Thailand’s government has issued a warning to Facebook over a video of their king seemingly wearing a crop top, with the country threatening to sue the social network after the video was widely shared online.
The video, which emerged in 2016, featured King Maha Vajiralongkorn, 64, walking in a Munich shopping mall with a woman while wearing the crop top. The footage was circulated worldwide on Facebook, falling foul of Thailand’s strict lese-majeste laws which make it illegal to insult the country’s monarchy, a crime that is punishable by up to 15 years in prison.
Thailand is now looking to pursue legal action against Facebook Thailand, with them having threatened that they would sue the company if the video remained available to view on Facebook by 10am today. According to the Telegraph, Thai authorities have asked Facebook to remove 309 images they had deemed offensive, with 178 having been deleted but 131 remaining accessible in Thailand.
In order to comply with the demands of the Thai government, Facebook has been working to ensure the freedom of the social network while simultaneously complying with local laws. Facebook has geo-blocked the video, though it’s uncertain why various copies of it still exist on the site.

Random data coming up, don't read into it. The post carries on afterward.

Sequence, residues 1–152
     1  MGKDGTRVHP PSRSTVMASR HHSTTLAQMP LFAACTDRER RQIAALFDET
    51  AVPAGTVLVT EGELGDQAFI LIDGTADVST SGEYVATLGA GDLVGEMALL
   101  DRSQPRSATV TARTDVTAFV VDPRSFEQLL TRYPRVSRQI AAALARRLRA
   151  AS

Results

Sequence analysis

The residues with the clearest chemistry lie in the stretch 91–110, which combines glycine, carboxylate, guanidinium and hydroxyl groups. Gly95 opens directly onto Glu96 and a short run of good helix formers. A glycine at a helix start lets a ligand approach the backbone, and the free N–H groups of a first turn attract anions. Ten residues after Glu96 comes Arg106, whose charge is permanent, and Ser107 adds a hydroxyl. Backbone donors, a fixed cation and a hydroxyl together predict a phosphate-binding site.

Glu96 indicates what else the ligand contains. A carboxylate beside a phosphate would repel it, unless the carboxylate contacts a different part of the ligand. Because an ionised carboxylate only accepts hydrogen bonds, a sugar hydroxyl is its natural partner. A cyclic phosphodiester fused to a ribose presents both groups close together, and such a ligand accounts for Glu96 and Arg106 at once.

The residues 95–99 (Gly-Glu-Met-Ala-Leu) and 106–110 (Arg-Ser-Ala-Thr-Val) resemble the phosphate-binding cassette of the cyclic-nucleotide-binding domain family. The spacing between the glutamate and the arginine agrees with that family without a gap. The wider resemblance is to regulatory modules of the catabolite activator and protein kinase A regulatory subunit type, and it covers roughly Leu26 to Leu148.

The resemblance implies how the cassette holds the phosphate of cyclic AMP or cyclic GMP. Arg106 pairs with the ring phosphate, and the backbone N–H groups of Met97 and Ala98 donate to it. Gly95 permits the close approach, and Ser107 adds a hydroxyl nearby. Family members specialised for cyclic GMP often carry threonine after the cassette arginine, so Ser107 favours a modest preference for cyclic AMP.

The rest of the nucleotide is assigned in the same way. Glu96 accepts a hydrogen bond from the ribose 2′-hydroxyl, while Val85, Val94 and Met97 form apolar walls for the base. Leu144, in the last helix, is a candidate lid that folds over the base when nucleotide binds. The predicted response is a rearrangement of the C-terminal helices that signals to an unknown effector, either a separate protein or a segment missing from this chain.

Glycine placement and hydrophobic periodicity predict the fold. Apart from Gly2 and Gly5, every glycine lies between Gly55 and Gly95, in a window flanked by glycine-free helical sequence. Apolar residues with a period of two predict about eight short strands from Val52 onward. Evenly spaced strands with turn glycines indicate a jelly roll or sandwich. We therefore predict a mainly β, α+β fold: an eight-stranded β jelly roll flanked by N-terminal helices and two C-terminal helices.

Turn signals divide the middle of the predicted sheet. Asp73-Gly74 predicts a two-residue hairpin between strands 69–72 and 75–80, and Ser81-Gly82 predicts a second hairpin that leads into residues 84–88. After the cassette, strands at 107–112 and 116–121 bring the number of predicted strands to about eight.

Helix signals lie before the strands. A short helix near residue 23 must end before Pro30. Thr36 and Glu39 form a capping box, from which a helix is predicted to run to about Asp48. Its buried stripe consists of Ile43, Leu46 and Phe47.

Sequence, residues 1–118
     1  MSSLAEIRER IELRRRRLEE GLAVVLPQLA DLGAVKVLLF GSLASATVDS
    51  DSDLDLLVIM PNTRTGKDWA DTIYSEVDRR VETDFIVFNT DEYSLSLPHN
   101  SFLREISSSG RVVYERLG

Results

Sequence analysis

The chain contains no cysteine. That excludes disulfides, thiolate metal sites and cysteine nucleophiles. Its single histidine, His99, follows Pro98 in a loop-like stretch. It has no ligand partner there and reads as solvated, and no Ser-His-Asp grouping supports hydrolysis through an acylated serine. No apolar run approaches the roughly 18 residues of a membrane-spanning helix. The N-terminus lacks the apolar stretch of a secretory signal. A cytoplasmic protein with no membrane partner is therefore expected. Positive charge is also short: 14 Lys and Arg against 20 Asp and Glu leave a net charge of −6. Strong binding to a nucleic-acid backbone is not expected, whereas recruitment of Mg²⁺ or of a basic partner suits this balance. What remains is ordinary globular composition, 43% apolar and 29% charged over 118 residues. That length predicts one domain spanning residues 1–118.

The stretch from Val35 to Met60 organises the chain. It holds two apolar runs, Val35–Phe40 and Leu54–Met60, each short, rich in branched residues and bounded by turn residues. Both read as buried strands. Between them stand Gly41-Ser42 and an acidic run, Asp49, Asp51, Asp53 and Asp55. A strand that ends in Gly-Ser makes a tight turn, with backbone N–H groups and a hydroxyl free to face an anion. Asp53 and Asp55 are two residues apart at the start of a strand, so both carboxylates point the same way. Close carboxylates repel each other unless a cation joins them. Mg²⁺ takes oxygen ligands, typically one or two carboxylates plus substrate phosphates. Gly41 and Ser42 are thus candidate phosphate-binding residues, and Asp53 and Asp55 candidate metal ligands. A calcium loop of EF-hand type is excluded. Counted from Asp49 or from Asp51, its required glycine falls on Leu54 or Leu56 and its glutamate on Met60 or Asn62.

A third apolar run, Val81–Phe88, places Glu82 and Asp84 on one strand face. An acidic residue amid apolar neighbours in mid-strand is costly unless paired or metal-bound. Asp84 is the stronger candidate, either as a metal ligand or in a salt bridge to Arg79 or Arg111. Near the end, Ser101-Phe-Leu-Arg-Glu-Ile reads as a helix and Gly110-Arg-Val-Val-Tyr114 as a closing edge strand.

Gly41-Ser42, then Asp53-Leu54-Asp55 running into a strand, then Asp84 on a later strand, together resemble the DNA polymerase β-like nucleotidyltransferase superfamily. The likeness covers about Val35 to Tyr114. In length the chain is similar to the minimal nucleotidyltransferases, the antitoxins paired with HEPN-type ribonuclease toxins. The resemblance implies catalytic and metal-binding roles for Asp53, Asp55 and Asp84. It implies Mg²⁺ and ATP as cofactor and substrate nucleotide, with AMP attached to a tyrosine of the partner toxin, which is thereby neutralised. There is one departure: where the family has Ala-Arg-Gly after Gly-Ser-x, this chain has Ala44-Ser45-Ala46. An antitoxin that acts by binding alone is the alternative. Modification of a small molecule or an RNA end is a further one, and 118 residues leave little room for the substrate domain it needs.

Takorn Tantasith, secretary-general of the National Broadcasting and Telecommunications Commission said: “If even a single illicit page remains, we will immediately discuss what legal steps to take against Facebook Thailand.” The Bangkok Post has also reported that an email was sent to Facebook CEO and founder Mark Zuckerberg last week demanding for the video to be blocked.
It’s uncertain what legal action the Thai government planned to take against Facebook, nor whether the social network managed to delete the offending videos prior to the deadline they were given. However, considering that this was an attempt from the authorities to prevent embarrassing the king and the country’s monarchy, that their efforts to remove the videos from the internet have resulted in an international news story suggest that they’ve been counter-productive.